Blocking users from accessing their applications (for multiple reasons) is a fundamental attribute of IAM.  There is no need to deploy new MDM technologies or write new integration points or, again, re-create the wheel when it comes to disabling or locking a user out of an application on the device, or the device itself.  In many cases, there are automated processes in place in the identity side that will immediately disable or lock a user out of the system if certain criteria are met.  For instance a termination event will initiate the disabling (or locking) actions.  So instead of focusing on disabling everything else and then leveraging an MDM interface to push actions to the mobile device, those termination actions (or disabling actions) should be driven from within the context of IAM.

How to enable users the ability to request apps for download and which apps they qualify for Requesting access in the form of applications or associated permissions is not new to IAM either.  MDM brings the concept of controlling which apps a user is able to download and run on their device.  This is a fundamental component of IAM (evaluate a user, and qualify for a specific application set and specific permissions based on the users role(s) within the organization.  Extending this type of self-service capability to users via IAM, instead of a separate solution strictly for MDM can potentially cost your organization much less.  IAM solves this problem very well by limiting which applications a user is able to request by enforcing access and permissions related policies at log in.  Proper identity & access management will evaluate the user at log in time and determine what he/she is able to request.  This concept is not new to IAM, and extending it to include enforcement of [mobile] apps can save you time and money.

How to allow users to leverage the device for multi-factor authentication

This new(er) trend places the mobile device in the spotlight more than any other mentioned in this article.  The requirement of organizations to leverage the mobile device as a second form of authentication (and identity verification) ties the device, BYOD and mobile device management directly to IAM.  Organizations developing an MDM strategy and deploying a solution must consider the effects of identity & access related policies while developing their MDM strategy.  Organizations that look to their existing IAM solution for answers regarding MDM management and enforcement will find that their IAM stack is a viable option for securing mobile devices.  In many cases extending the IAM solution to encompass the new MDM components will take work, however integration between different platforms is something IAM vendors (or developers) do very well, and lack of integration with your new MDM platform should not be a reason to forego merging IAM and MDM.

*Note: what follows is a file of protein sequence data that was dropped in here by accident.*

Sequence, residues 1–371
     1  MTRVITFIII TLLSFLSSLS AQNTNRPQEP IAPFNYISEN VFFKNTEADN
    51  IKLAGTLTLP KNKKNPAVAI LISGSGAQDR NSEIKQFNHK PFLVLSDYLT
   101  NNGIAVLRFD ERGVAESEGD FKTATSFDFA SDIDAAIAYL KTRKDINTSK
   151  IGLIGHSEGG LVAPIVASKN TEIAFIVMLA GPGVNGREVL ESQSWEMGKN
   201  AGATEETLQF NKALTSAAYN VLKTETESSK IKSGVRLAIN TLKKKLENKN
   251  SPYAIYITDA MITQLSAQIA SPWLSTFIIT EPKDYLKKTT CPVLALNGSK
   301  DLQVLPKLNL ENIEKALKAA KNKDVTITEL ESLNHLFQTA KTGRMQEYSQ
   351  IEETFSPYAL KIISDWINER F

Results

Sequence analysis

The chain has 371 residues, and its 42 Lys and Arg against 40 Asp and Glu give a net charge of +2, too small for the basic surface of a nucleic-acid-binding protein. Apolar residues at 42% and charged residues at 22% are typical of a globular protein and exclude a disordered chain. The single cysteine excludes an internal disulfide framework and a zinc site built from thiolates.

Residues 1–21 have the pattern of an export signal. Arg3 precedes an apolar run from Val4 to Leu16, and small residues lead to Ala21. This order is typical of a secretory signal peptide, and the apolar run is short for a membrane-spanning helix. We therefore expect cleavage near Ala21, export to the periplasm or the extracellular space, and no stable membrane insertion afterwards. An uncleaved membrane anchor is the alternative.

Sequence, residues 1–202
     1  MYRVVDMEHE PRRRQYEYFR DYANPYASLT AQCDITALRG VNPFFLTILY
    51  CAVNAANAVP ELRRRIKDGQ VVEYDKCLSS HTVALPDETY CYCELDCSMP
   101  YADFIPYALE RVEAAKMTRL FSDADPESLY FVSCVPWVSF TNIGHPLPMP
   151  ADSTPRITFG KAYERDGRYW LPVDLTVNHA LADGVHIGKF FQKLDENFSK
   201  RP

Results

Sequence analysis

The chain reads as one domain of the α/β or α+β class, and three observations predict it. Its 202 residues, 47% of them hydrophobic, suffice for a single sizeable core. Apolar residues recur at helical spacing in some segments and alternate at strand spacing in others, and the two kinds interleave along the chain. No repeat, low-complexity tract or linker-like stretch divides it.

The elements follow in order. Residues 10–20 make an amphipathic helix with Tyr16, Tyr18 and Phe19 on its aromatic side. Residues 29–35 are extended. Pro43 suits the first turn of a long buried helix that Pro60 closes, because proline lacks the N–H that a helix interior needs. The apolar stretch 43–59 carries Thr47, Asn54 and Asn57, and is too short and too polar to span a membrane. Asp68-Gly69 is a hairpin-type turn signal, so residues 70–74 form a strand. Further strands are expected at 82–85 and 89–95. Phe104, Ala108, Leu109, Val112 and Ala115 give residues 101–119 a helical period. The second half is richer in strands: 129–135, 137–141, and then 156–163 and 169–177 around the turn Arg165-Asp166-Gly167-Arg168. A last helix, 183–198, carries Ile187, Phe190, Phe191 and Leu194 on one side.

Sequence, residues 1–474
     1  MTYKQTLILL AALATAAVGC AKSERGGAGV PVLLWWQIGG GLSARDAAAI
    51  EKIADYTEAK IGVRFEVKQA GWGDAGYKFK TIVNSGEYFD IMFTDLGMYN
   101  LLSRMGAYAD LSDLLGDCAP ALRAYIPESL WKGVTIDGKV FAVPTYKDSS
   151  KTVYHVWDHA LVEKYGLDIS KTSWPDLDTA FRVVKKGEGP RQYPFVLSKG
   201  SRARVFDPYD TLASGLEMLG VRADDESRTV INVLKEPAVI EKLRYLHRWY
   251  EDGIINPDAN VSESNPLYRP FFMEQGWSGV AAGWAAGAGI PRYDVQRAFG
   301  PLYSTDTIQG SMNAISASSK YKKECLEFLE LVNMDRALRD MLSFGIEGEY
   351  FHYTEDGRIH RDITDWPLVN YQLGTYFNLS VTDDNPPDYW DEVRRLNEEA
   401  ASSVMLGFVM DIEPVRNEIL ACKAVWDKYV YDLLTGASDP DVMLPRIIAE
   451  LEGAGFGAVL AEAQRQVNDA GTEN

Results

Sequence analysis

Bottom line:

Overall, identity and access management will play an increasingly important role regarding enforcement of MDM policy, as well as authorization of MDM admins to take actions against end user mobile devices.  If your organization has an extensive IAM solution in place, I strongly suggest you consider placing most (if not all) enforcement, provisioning, de-provisioning, and device identification (i.e. associating a device to a user) in the capable hands of your IAM solution.  The project may look a lot different than you anticipated, but you’ll find that IAM can provide many more answers than questions when it comes to how you should roll out your new MDM / BYOD strategy.